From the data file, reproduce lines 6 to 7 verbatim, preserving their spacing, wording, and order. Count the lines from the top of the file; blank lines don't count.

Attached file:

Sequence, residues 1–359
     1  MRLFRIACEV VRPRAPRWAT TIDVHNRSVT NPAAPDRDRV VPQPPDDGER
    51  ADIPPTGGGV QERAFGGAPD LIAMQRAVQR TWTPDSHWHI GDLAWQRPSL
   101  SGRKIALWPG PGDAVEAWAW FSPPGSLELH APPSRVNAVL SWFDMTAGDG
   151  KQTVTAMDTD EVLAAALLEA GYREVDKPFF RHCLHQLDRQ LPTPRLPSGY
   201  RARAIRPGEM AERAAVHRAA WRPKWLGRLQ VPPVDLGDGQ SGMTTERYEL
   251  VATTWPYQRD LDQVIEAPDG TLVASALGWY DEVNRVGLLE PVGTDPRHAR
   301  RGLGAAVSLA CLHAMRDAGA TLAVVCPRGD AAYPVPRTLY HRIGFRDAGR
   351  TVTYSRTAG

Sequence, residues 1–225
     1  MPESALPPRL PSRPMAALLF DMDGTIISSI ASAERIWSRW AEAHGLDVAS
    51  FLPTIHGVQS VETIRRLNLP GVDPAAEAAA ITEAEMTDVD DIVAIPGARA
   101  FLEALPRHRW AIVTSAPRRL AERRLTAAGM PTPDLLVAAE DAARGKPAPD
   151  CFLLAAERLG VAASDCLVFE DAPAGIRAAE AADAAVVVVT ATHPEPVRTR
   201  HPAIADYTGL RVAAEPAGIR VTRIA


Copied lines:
   201  RARAIRPGEM AERAAVHRAA WRPKWLGRLQ VPPVDLGDGQ SGMTTERYEL
   251  VATTWPYQRD LDQVIEAPDG TLVASALGWY DEVNRVGLLE PVGTDPRHAR